Music: Children of the Revolution

 
 

Only days before their UK tour, Ben Rubinstein of The Mariner’s Children talks to Imelda Hehir about the reality of a new band starting out

It’s still early days for Brighton’s alternative folk seven-piece band The Mariner’s Children, but the name is circulating quickly around the media and their reputation is growing. Ben Rubinstein opens his interview by telling o-two that: “I have only done one interview before, so I’m not very good at it.” But for a man unfamiliar with interviews, he has a firm opinion on the press and the genre grouping which he and his band are often subjected to.

“I mean it’s inevitable that the press will compare bands, [it’s a] sort of musical short hand.” He also isn’t keen on being part of a particular scene. “It’s my job to make music, and journalists can sort of decide what they want from it, but I don’t really like it to be honest.”

The band was recently featured as the Guardian’s ‘New Band of the Day’, in which they were described as a cross between Arcade Fire and Mumford and Sons. While Rubinstein is delighted and almost still surprised by the feature, he also says that “every band that plays an acoustic guitar” is now linked with Mumford and Sons.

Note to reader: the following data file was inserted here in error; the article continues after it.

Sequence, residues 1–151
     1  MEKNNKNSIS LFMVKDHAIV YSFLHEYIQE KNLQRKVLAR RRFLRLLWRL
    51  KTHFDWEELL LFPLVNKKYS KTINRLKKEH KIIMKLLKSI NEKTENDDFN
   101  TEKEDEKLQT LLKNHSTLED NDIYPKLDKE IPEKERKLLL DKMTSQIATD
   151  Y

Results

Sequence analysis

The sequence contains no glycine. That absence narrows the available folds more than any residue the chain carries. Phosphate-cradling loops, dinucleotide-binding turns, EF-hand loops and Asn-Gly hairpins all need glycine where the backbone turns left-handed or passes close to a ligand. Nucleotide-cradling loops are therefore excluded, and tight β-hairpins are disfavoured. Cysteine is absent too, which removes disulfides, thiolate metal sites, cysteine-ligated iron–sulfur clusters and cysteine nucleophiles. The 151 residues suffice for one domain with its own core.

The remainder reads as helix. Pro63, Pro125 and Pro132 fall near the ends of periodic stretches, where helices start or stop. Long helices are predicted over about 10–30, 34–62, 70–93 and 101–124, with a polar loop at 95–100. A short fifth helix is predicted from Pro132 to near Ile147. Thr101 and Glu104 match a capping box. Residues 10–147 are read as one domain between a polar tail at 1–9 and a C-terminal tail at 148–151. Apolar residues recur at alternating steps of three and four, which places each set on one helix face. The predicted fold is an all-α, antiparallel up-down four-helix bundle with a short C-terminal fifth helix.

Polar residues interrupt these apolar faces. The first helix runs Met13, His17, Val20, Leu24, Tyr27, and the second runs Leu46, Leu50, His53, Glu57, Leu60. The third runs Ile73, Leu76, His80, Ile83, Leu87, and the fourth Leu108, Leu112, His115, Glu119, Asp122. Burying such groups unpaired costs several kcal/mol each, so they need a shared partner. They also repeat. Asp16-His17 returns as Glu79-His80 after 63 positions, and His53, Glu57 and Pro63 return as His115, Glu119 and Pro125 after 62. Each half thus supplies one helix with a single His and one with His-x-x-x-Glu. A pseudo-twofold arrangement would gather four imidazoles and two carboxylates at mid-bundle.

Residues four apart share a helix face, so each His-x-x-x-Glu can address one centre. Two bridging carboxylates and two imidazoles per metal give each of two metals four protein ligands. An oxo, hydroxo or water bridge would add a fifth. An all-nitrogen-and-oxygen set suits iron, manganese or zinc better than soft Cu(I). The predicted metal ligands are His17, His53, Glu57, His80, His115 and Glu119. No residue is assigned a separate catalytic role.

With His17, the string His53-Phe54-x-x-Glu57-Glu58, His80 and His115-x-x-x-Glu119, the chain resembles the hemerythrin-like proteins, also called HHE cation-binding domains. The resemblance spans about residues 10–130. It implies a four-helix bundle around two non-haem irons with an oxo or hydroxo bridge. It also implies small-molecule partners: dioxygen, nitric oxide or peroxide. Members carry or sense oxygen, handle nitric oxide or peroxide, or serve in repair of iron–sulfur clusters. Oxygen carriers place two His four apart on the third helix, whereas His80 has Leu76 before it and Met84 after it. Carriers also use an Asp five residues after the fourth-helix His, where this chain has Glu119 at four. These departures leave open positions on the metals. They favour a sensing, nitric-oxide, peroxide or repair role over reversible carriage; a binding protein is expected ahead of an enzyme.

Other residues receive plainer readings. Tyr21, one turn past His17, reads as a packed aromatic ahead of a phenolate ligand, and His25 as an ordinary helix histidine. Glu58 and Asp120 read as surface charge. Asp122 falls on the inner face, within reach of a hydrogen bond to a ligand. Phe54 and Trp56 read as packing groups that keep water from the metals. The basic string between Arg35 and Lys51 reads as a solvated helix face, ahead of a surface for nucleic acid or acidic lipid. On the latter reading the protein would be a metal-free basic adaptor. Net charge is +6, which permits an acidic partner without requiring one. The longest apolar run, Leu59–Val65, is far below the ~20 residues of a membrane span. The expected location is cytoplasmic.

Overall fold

Rubinstein tells o-two of his own musical preferences, such as “Akron family, Angels of Light, Iron and Wine – those sorts of people. I’m more interested in dense, textural psychedelic stuff.” He also recommends new bands such as tour buddies Tristan, as well as Kristin McClement.

When discussing The Mariner’s Children’s actual sound, Rubinstein explains: “The musical element I find most interesting is texture and finding parts that interlock rhythmically. The more instruments you have, the more opportunity you have to do that.” The singer then apologises for sounding “pretentious”.

The modest aspect to his character continues to emerge as we talk about the recording process of debut EP New Moore Island. Rubinstein explains how every recording was worked to an itinerary to record at every possible minute, as they couldn’t afford a longer time period. The numerous instruments required for their sound was an added contributory factor to how “stressful” it got.

o-two could conclude this article by insisting that The Mariner’s Children are the next big thing; but we wouldn’t want to sound pretentious.

The Mariner’s Children’s debut EP New Moore Island is out now.

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